Top Spot of the Week: Stept Studios, Director Jess Colquhoun, Crown Royal Take Us To "Sundays At The Triple Nickel"

By

Robert Goldrich
Thursday, Feb. 20, 2020

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Stept Studios has released a short film, directed by Jess Colquhoun and supported by Crown Royal. Titled Sundays At The Triple Nickel, the short documentary centers on a day in the life of Marjorie Eliot, a lifelong Harlem resident, retired music teacher and pianist, who used her love of music as an opportunity to heal, while giving back to the artform and community she loves. When her son Phillip passed away more than 20 years ago, she began hosting jazz concerts as a tribute to him, opening the doors to her home every Sunday to longtime neighbors and others looking for great jazz and a good time.

Every Sunday for 26 years, she’s opened her apartment, sat out folding chairs on every inch of available floor space, and performed along with her son Rudel, actors, musicians, and spoken word artists. She has maintained this ritual as a way to communicate with her son Philip, commemorating the Sunday that he passed away. She plays her piano in tribute to him, as a timeless elegy, and as a way to endure. Through her performances she invokes the past, summoning powers to build a transformative and ebullient experience that connects everyone in the room. Marjorie’s weekly concert is her saving grace.

The film’s title comes from the apartment building address--555 Edgecombe Avenue, also known as the Triple Nickel.

The Sugar Hill area of Harlem has long been home to jazz legends redefining and reinventing the genre. Marjorie’s building was one of the most significant locations in the neighborhood, bursting with musical tenants–––from Duke Ellington to Count Basie and Johnny Hodges–––who transformed their homes into stages. As a longtime musician and resident, Marjorie and her Sunday shows ensure the Triple Nickel’s legacy of jazz continues.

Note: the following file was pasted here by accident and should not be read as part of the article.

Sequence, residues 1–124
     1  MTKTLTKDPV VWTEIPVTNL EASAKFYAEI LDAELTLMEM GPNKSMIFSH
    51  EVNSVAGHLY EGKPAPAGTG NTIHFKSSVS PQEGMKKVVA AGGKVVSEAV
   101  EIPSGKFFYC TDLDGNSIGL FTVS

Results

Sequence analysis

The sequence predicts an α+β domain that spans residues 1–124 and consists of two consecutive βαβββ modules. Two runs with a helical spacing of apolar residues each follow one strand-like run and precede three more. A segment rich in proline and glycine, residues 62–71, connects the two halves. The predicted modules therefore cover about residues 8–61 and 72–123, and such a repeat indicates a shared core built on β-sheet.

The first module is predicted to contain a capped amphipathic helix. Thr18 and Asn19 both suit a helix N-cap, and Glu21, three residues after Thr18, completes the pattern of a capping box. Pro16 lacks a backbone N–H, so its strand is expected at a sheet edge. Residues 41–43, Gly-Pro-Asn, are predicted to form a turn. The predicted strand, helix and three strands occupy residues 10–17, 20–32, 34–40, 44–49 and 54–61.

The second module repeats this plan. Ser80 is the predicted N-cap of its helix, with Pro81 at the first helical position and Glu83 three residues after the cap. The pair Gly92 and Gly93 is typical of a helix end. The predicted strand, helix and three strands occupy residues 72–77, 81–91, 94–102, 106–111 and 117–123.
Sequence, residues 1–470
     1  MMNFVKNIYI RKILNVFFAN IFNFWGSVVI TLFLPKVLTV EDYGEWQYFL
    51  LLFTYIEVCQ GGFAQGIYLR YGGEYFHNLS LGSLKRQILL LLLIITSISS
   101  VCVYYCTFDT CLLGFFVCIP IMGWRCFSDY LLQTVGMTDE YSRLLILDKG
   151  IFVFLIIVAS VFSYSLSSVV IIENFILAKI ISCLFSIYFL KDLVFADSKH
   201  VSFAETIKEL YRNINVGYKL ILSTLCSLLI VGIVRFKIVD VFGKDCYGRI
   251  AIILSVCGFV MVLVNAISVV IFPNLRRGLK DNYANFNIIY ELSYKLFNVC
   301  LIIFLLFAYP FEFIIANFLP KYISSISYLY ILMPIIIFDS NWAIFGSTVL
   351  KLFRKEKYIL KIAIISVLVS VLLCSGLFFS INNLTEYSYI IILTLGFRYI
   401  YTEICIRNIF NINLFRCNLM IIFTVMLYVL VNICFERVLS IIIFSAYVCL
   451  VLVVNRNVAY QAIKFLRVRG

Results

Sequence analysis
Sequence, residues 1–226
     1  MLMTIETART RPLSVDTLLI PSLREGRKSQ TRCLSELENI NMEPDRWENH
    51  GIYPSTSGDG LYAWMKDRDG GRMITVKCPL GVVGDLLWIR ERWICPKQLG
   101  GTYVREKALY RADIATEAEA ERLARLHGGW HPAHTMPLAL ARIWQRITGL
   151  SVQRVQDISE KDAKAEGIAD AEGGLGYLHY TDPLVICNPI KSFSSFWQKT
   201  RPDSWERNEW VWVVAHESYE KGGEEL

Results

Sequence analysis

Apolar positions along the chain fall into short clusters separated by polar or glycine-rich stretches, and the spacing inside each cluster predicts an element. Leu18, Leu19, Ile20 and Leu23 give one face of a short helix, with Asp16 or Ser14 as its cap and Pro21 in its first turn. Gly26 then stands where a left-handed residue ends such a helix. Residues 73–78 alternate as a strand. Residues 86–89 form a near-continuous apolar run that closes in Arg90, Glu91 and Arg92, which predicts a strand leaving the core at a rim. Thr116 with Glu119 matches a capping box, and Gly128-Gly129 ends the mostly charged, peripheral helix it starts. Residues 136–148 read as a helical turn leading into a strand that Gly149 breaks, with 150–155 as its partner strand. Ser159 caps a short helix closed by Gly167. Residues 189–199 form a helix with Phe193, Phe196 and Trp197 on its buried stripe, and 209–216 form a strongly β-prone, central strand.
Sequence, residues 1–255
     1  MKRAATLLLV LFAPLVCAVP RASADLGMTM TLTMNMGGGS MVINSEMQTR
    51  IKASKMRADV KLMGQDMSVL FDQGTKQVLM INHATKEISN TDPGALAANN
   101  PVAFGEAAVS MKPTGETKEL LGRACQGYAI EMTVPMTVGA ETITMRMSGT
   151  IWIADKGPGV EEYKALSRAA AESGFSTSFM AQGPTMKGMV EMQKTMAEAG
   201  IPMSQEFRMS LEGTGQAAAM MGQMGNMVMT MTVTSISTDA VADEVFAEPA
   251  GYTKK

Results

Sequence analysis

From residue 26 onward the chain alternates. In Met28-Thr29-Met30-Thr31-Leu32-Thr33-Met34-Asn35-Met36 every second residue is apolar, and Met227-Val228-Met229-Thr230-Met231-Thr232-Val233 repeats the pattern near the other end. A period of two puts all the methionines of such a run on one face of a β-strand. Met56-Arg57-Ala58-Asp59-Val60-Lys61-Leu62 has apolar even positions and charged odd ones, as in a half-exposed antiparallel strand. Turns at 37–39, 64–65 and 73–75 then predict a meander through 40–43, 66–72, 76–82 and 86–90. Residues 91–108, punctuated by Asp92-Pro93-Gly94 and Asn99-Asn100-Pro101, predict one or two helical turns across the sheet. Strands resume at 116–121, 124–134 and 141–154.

The film forms an intimate atmospheric portrait of the woman behind the concerts and the piano. Marjorie’s lingering voice is the backbone of the film, shot with rhythmic and haunting beauty by cinematographer Zack Mulligan. Disembodied narrative pieces together recount memories with warmth and intensity, anchored by performances and verité segments. We see the different worlds behind neighboring walls, painting a picture of collective experience with Marjorie at its core. The film is a visual poem, a cinematic celebration of community and connection, exploring its extraordinary ability to withstand grief through imagination.

Stept founder Nick Martini, an executive producer on the film, said, “Stept takes pride in developing stories from scratch with our directors, then actively seeking out brand partners whose messaging aligns with the creative vision of our team. This project is a great example of how we help bring films to life with the support of a great brand team. Everyone at Crown Royal has been so supportive, and they too are passionate about sharing meaningful stories.”

“With what began as a quest for inner hope and condolence, Marjorie’s mission has expanded to serve and comfort so many lives beyond her own,” said director Colquhoun. “This film is a tribute to Marjorie, and a story of her resilience and ability to find a light during one of life’s darkest chapters.”

Colquhoun is an award-winning filmmaker and photographer who splits her time between London and Los Angeles. She aims to explore people and subcultures with a focus on social and environmental change and impact. Her documentaries Valley Of A Thousand Hills (Best Family Film - San Francisco Film Festival 2017) and The Black Mambas (Winner Glamour Magazine x Girl Gaze #NewView Film Competition 2017) are two examples of her attention to heart and detail. Her series of photographs entitled "Fired Up!" was recently exhibited at the historic Wiltern Theatre in Los Angeles. Clients include Apple Music, FOX, Levi’s, Vice and Pepsi. 

Credits

Client Diageo/Crown Royal Production Stept Studios, Los Angeles, and Jackson Hole, Wyoming Jess Colquhoun, director, writer; Adam Rachlitz, creative director; Cordielle Street, producer; Zak Mulligan, DP; Nick Martini, Randall Bourquin, JJ Rubin, executive producers; Christian Carvallo, art director; Jasmine Chang, 1st AC; Emma Hing, camera loader. Editorial Mattias Evangelista, editor. Music James William Blades, composer. Audio Charles Cann, audio mixer. Cast Marjorie Eliot, Rudel Drears, Tesfaye Tessema, Vaughn Jelks. Band members: Nicholas Mauro, Ben Meigners, Sedric Shukroon, Koichi Yoshihara.

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